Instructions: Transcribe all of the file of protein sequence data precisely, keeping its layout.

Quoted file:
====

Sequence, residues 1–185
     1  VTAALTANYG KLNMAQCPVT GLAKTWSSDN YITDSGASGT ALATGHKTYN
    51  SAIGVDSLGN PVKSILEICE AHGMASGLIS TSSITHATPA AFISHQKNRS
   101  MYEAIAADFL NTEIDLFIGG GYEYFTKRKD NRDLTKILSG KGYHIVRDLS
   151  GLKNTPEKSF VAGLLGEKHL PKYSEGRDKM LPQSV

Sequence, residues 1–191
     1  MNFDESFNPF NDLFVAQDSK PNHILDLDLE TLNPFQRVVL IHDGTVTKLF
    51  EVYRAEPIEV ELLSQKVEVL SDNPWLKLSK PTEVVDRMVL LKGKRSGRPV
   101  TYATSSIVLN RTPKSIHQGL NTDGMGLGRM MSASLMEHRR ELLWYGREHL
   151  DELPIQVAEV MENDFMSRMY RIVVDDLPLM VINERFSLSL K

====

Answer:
Sequence, residues 1–185
     1  VTAALTANYG KLNMAQCPVT GLAKTWSSDN YITDSGASGT ALATGHKTYN
    51  SAIGVDSLGN PVKSILEICE AHGMASGLIS TSSITHATPA AFISHQKNRS
   101  MYEAIAADFL NTEIDLFIGG GYEYFTKRKD NRDLTKILSG KGYHIVRDLS
   151  GLKNTPEKSF VAGLLGEKHL PKYSEGRDKM LPQSV

Sequence, residues 1–191
     1  MNFDESFNPF NDLFVAQDSK PNHILDLDLE TLNPFQRVVL IHDGTVTKLF
    51  EVYRAEPIEV ELLSQKVEVL SDNPWLKLSK PTEVVDRMVL LKGKRSGRPV
   101  TYATSSIVLN RTPKSIHQGL NTDGMGLGRM MSASLMEHRR ELLWYGREHL
   151  DELPIQVAEV MENDFMSRMY RIVVDDLPLM VINERFSLSL K